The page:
Francesco Biamonti

Lou pastre

Clouds… the clouds seems like an approaching flock of sheep and sacred are the gestures with which the shepherd wearing a blue hat holds his dog. Both the shepherd and the dog look puzzlingly at each other. They stare with sad eyes, eyes of peers, with the loneliness of regulars on the summit where wind blows from morning to evening. Then, after a greeting, the shepherd asks where he comes from («d’ounte venés?») and if there was any grass down in the olive groves, «dins lou terrain oundado». This almost old and almost sacred man explained that he had walked all night to fall, to escape the snow air (l’auro de nèu), enemy to those who had all of his possessions in blood, in blood of god. He spoke in a strange Provençal sing-song, with the cadence of the Maritime Alps: a treble sounding like sobs followed by a decreasing and shuffling, sweet lullaby.

[…] Gregory invited him to descend into the trees, both of which were abandoned: they could do not harm. But, the shepherd refused his hand. The farmers did not like «lou pastre», he added. To the shepherd, to «lou pastre», he said resignedly, were destined only the rubble and the thin soils, or the rocky beaches of the seas, where the grass grew stringy and tough bushes liked by no beast. What a strange chant. A ringing tone followed by lower and longer tons. He barely knew. But to whom was he speaking? He seemed to speak to the angels or to himself. He had a shoulder bag and a cane, and suddenly slipped off the cane to leave. He went slowly but surely as the ancient bearers of salt, and perhaps upon their same track. It was preceded from goats and sheep in droves. It went slowly, but it is in the midst of all of god’s blood where life moves. He disappeared over the ridge up to his waist, then up to his shoulders, then everything. He places the other hand, in the Gerbidi rocks, in thickets of mastic. It was inexorable. He did not take empty turns, nor left, like a sailor, besieged by the dream. In the cloud, in the snow or in the blue (dins la bluiour) the life of all that blood urges.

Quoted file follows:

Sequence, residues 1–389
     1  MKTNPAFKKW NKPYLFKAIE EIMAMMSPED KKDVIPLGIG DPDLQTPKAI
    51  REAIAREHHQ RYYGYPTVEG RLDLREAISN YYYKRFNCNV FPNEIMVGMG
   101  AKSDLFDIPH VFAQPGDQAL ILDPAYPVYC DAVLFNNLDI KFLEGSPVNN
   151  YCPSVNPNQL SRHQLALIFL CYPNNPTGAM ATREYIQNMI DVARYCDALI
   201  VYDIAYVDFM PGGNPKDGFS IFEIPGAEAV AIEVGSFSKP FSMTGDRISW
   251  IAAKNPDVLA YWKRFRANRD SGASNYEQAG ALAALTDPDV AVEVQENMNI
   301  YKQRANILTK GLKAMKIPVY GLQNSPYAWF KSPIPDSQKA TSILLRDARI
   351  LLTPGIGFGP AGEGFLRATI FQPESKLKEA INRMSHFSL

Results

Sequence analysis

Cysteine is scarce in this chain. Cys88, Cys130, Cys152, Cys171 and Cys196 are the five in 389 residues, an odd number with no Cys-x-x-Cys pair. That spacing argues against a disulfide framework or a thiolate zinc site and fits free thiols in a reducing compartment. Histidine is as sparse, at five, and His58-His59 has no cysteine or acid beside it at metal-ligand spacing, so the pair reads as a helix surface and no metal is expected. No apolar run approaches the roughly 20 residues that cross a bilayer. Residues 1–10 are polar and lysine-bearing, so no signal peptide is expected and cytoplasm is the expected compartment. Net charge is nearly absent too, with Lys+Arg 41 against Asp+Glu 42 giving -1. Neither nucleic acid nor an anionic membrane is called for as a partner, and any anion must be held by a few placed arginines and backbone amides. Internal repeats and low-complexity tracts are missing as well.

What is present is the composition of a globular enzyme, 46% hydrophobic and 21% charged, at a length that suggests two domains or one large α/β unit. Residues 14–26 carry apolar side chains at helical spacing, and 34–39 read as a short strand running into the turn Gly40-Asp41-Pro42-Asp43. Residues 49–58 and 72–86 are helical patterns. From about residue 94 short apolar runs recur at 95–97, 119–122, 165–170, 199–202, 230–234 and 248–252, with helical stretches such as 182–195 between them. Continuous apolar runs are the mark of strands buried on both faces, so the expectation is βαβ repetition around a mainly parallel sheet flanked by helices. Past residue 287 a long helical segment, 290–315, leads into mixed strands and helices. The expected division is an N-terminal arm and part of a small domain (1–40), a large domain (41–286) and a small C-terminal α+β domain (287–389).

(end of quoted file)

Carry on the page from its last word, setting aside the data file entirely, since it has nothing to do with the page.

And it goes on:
From: The Angel of Avrigue, Einaudi, 1983.

Francesco Biamonti

Writer (San Biagio della Cima 1928-2001), came to literary prominence at the age of 50, the setting for most of his novels is the Ligurian hinterland of Ponente. In Parole e la notte (1998), his best work, Biamonti described the encounter between Liguria and Provenace, through the interweaving of experiences and traditions that reflect the rishness of both cultures.


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